Monitoring Idaho’s Water Bodies
This story was written by Guest author: Craig Nelson on behalf of the Our Gem Collaborative team for the CDA Press on Sunday, May 7, 2023. Read the original article.
Idaho is well-recognized for its scenic streams, rivers and lakes, with abundant water recreation opportunities that attract visitors from around the globe.
In order to assure that Idaho’s water bodies remain clean and available for swimming, fishing and domestic water supply, continuous monitoring and evaluation are needed. Idaho Department of Environmental Quality (IDEQ) is charged with providing consistent water body monitoring and assessment. In 1993, IDEQ initiated the Beneficial Use Reconnaissance Program (BURP) to gather reliable data on the biology, chemistry, and habitat conditions of Idaho’s water bodies.
This program is a cost-effective, efficient monitoring survey that collects and measures key water quality parameters to aid IDEQ in determining whether a water body is supporting its beneficial uses. A beneficial use is any of the various uses of water, including, but not limited to, aquatic biota, recreation, water supply, wildlife habitat, and aesthetics. The federal Clean Water Act requires states and tribes to develop standards to protect water bodies based on their beneficial uses. For example, if a river is designated to support salmonid spawning, then standards are applied to ensure that the water quality is suitable for salmonid reproduction. In Idaho, beneficial use designations are required for aquatic life and recreation.
Each summer, IDEQ technicians follow standardized procedures to collect aquatic insects, conduct fish surveys, and document habitat conditions from streams. BURP surveys are performed during the same low-flow time period each year, July 1 through September, so the information is comparable from one year to the next.
To ensure assessments can be applied to longer stream reaches or entire streams, monitoring sites must be representative. IDEQ uses standard selection steps to identify potential sites. BURP surveys are conducted on both public and private lands. IDEQ’s ability to enter private property is at the discretion of property owners. If a private property is identified as a desirable monitoring location, IDEQ always requests permission from the property owner before conducting any sampling. In addition, IDEQ assures the landowner that monitoring will not damage the property or resources.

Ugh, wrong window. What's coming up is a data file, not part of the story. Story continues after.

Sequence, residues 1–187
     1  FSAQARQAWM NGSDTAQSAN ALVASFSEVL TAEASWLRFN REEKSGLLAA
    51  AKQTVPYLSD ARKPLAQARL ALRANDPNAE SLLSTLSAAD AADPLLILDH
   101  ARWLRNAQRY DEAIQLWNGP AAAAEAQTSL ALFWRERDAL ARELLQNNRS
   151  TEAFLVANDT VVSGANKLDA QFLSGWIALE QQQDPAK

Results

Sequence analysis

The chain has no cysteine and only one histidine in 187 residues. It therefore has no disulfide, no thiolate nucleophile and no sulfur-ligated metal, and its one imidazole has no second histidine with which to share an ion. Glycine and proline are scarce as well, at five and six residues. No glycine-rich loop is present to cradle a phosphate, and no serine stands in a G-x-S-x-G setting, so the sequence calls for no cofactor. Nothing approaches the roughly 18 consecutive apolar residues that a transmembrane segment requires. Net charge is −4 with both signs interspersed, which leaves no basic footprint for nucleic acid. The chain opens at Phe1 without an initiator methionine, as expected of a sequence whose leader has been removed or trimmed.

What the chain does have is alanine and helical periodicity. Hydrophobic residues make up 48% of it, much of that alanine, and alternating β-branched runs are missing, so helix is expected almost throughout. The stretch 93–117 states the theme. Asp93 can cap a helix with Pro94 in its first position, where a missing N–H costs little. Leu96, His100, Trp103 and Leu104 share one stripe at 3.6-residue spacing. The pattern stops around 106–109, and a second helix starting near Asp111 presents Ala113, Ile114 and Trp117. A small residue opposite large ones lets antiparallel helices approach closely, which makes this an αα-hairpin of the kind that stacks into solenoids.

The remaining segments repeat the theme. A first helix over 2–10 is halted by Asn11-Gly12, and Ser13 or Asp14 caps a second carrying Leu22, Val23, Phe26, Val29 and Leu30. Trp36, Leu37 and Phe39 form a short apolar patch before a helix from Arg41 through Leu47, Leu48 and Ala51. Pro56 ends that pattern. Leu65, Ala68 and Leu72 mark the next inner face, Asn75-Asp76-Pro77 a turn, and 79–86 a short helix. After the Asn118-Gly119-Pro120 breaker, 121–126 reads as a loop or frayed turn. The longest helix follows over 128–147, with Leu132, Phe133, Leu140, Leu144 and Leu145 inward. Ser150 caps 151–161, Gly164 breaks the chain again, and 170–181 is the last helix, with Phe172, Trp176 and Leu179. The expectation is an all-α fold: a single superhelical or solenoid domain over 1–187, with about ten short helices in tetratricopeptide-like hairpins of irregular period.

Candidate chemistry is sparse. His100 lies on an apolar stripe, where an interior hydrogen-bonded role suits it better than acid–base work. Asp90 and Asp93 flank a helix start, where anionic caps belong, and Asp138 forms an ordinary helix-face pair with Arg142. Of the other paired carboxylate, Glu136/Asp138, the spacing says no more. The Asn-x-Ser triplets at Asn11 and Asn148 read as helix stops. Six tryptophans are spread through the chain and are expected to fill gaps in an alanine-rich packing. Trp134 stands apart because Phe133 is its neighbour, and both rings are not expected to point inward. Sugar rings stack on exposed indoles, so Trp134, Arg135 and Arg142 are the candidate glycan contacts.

The BURP procedure calls for the collection and analysis of aquatic insects and fish as “biological indicators.” Biological indicators are used because they are very sensitive to changes in water quality. Their presence, abundance, and health serve as indicators of the overall quality of a water body. Generally, unpolluted waters support a greater variety of aquatic insects and fish than polluted waters.
The BURP data are evaluated to determine if the water body is supporting its designated beneficial uses. If a water body is found to be not supporting beneficial uses, a water quality improvement plan, known as a total maximum daily load (TMDL), is developed to identify actions that will improve water quality in order to support all beneficial uses. If a water body is found to be supporting beneficial uses, it may be monitored again in the future to ensure it continues to do so.
Craig Nelson is a Water Quality Analyst for the Idaho Department of Environmental Quality (IDEQ)
The Our Gem Coeur d’Alene Lake Collaborative is a team of committed and passionate professionals working to preserve lake health and protect water quality by promoting community awareness of local water resources through education, outreach and stewardship. Our Gem includes local experts from the University of Idaho Community Water Resource Center, Coeur d’Alene Tribe Lake Management Department, Idaho Department of Environmental Quality, Kootenai Environmental Alliance, Coeur d’Alene Regional Chamber of Commerce, and Connect Kootenai.